Packard Bell Easynote R4622 Specs

Updated July 20, 2017

The original Packard Bell Company manufactured radios and was founded in 1926 in Los Angeles by Herbert Bell and Leon Packard. Over many decades, it evolved into Packard Bell Electronics, and then later Packard Bell NEC, a retail personal computer operation. The company closed all of its U.S. offices in 2000 and focused on the European consumer market, where it continues business under the name Packard Bell Europe. The Packard Bell Easynote R4622 notebook computer was first introduced in 2003 at the fledgling stage of notebook computers.


The notebook dimensions are 14 inches wide by 9.8 inches deep by 1.2 inches thick. It weighs 2.9kg. The active matrix screen size is 15.14 inches. The screen aspect ratio is 16 to 9. The internal resolution is 1280 by 800. The hard drive dimensions are .4 inches by 2.75 inches by 3.9 inches and it weighs 0.118kg.


The Packard Bell Easynote uses a lithium ion battery. It uses 49 watts of energy in one hour of use.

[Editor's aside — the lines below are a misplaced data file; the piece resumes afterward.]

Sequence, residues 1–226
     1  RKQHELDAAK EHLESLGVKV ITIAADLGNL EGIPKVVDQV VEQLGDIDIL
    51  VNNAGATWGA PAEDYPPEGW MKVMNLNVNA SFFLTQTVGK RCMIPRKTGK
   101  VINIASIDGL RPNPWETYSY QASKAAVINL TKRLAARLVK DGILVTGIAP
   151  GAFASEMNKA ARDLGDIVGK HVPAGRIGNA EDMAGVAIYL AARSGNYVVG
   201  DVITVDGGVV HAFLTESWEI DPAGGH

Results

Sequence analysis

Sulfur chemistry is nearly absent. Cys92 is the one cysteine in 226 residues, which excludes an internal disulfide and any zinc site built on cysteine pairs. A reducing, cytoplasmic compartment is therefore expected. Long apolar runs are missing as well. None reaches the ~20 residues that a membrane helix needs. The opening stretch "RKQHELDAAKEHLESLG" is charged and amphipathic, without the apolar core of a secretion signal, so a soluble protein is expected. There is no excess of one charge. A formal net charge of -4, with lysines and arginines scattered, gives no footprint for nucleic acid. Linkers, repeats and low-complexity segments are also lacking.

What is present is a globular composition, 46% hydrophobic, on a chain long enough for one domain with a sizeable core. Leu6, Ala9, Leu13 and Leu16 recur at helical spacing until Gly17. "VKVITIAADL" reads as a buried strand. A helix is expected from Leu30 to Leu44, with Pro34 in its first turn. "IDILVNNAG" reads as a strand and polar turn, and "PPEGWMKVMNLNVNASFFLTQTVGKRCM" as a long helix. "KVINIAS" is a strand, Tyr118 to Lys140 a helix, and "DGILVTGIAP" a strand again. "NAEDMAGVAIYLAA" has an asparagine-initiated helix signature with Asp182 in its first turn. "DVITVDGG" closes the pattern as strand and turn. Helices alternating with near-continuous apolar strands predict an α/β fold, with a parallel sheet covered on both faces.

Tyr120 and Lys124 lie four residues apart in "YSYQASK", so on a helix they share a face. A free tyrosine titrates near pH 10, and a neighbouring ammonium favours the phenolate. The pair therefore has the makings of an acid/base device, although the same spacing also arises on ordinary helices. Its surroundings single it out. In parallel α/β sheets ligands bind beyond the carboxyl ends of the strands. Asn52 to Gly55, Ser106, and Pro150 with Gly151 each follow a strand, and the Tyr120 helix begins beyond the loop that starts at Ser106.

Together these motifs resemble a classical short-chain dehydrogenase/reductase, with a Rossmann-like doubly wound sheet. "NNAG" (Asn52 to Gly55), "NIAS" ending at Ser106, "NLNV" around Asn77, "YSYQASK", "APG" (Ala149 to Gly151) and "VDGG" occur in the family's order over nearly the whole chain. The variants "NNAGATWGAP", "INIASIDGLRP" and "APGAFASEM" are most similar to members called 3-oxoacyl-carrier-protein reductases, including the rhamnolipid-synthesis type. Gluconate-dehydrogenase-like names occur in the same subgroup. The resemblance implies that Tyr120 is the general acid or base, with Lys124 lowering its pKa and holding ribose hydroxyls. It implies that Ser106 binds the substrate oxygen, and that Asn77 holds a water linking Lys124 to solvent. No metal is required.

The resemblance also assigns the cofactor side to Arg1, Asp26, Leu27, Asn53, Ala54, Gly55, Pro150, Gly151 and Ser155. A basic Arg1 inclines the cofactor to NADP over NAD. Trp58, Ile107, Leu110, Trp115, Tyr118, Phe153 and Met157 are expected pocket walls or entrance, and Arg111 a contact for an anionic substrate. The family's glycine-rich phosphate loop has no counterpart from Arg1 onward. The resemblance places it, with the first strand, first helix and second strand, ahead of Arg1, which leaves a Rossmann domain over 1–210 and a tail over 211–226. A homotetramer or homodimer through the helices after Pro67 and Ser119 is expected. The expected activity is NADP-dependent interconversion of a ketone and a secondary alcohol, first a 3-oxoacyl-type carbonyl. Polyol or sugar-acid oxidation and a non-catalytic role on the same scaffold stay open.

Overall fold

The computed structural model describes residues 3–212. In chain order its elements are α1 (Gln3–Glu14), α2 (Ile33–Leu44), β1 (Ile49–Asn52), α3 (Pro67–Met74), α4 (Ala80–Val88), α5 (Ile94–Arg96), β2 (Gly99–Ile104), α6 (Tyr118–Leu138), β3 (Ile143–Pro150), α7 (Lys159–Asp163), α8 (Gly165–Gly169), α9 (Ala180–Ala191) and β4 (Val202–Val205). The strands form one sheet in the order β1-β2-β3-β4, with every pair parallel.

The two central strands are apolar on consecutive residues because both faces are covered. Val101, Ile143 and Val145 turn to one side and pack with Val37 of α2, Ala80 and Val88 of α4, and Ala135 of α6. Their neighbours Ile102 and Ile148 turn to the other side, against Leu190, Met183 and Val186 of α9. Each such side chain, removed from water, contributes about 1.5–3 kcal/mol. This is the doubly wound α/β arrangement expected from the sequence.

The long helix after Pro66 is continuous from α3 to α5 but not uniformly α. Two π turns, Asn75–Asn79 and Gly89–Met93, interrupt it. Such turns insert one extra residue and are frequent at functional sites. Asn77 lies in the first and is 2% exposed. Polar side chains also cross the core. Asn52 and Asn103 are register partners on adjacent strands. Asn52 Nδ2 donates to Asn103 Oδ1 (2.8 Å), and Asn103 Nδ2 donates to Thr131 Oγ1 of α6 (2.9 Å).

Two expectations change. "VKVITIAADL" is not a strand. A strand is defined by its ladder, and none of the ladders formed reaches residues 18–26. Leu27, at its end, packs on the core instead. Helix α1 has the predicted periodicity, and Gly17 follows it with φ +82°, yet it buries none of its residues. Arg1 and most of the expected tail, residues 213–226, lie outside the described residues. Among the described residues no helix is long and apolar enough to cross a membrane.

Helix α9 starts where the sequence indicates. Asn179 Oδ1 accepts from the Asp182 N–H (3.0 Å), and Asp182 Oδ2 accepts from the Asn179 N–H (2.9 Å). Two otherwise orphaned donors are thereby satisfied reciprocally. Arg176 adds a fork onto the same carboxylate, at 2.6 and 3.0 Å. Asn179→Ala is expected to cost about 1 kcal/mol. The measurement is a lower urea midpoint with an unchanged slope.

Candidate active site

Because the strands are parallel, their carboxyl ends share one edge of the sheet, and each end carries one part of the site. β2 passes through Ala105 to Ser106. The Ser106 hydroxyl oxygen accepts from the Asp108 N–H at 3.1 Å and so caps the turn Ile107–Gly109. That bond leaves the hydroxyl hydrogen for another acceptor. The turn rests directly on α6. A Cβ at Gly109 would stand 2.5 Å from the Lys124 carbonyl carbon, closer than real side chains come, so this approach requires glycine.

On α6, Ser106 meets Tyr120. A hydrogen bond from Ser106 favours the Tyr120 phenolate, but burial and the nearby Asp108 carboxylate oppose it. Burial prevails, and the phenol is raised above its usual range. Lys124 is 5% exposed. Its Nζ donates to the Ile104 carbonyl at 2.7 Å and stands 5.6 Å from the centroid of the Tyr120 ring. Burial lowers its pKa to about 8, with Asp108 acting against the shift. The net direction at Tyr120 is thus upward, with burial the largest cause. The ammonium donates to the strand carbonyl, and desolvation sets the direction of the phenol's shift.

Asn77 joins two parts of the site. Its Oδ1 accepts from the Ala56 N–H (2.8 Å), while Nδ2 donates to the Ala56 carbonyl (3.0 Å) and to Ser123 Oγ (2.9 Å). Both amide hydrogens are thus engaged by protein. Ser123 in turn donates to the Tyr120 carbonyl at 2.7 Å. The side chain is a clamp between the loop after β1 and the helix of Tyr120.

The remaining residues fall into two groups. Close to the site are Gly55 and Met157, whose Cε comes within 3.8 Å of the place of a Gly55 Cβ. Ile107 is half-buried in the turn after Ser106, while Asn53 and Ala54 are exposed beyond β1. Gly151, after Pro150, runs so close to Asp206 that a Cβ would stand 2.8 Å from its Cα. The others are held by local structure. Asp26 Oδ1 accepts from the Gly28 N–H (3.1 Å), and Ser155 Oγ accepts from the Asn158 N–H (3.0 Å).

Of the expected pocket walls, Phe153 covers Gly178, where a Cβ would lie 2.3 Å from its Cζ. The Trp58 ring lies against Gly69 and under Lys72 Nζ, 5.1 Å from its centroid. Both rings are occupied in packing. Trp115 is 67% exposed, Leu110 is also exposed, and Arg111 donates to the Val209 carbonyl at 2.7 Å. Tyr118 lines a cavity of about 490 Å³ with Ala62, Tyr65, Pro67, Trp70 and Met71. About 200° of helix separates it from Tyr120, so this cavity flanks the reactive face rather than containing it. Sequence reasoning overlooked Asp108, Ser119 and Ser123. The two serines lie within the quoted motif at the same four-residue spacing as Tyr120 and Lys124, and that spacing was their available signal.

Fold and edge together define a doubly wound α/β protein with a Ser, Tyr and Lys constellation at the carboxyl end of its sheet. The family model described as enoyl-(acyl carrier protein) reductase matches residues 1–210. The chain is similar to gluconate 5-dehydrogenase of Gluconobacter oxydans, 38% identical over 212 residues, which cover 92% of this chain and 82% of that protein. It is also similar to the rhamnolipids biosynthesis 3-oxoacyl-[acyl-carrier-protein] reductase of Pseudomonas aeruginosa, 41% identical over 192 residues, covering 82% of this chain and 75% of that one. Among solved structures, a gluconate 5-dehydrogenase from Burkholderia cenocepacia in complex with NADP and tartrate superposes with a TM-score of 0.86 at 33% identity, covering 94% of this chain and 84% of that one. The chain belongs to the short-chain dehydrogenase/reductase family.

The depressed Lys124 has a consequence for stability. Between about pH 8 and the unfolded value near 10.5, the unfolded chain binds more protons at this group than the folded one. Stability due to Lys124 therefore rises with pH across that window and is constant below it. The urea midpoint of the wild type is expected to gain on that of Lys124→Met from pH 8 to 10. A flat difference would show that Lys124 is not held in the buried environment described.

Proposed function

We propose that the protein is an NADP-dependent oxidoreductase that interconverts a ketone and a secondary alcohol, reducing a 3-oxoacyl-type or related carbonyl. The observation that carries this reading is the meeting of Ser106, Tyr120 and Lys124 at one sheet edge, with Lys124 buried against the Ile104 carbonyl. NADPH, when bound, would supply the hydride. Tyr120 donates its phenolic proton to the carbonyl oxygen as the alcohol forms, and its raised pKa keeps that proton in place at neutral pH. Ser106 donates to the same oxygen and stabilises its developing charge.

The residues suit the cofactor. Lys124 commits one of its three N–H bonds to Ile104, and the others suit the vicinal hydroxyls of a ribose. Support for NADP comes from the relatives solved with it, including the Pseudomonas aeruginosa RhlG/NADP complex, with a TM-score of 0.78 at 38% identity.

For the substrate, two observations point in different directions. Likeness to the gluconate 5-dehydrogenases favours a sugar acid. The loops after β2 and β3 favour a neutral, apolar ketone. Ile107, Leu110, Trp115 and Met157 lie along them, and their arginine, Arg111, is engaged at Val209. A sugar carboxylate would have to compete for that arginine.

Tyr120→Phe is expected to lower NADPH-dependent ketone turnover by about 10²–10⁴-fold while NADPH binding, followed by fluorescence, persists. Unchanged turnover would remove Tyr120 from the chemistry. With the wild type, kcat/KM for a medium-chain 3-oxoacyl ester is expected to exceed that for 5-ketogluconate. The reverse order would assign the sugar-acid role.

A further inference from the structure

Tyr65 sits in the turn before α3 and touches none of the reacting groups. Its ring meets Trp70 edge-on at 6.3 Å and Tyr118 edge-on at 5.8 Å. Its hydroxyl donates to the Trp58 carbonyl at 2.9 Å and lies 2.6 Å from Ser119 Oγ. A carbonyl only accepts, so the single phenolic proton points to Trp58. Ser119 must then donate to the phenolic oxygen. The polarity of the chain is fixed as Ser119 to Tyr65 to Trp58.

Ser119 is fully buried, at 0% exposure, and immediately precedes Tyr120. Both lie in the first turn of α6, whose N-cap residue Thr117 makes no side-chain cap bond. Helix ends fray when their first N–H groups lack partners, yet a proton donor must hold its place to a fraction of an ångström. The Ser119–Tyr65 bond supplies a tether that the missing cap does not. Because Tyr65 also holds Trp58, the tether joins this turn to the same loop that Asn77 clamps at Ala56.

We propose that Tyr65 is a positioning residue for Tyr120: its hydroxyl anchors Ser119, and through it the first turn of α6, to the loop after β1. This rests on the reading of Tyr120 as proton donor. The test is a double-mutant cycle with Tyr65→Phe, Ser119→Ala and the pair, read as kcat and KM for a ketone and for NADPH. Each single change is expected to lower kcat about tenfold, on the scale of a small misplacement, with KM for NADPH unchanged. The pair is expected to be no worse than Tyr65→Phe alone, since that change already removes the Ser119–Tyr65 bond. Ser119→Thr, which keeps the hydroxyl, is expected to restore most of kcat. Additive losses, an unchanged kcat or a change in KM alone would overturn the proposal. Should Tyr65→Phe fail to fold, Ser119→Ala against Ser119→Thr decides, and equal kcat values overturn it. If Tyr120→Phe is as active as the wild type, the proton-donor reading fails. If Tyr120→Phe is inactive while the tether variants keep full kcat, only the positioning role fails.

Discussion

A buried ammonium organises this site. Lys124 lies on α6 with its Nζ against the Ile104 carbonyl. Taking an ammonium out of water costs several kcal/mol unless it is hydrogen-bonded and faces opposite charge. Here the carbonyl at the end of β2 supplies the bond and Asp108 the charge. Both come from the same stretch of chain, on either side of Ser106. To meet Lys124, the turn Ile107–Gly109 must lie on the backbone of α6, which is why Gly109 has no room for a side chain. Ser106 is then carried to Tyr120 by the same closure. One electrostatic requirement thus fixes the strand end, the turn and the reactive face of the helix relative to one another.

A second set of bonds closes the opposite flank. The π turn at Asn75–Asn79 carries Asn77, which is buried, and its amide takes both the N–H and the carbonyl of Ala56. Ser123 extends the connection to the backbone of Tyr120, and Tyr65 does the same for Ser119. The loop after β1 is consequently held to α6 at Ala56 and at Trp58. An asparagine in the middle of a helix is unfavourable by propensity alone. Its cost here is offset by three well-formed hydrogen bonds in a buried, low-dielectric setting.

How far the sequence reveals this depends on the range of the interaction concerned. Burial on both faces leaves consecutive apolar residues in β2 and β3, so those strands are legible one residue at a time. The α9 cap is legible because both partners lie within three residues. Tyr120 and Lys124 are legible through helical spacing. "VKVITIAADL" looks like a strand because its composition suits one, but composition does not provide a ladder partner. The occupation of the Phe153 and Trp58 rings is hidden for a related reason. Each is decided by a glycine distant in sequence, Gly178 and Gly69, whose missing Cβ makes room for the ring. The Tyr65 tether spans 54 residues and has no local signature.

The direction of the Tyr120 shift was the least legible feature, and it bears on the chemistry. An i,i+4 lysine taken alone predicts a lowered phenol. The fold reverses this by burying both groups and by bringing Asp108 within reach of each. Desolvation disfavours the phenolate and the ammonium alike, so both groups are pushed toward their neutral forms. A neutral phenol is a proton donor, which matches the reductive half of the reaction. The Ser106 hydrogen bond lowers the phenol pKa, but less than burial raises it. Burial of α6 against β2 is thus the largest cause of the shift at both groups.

Memory and Operating System

The computer comes standard with 256MB of DDR RAM but can be upgraded to a maximum of 1GB. There are two RAM slots to expand memory. The notebook's factory-installed operating system is Windows XP.

Processor and Motherboard

The Intel Celeron M 360 processor that comes with the computer has a speed of 1.4Ghz. The motherboard has an Intel 852GME chipset.


The computer includes one VGA external monitor port, one 25-pin parallel port, one ninepin serial port, one game port, three 2.0 USB ports and an IEEE 1394 port. The computer can connect with ports to connect the computer to televisions or other audio and video devices.

Other Features

Packard Bell Easynote R4622 notebooks are available with a rewritable CD-ROM or DVD-ROM drive. It also comes with Wi-Fi ability installed.

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About the Author

Michael Gunderson has been writing professionally since 2005. He is an independent film writer and director with several projects in the works. He has written for the comedy troupe "The Brothel" and produced his own television pilot, "Dingleberry." He has a Master of Fine Arts in screenwriting from the American Film Institute and a Bachelor of Arts in linguistics from New York University.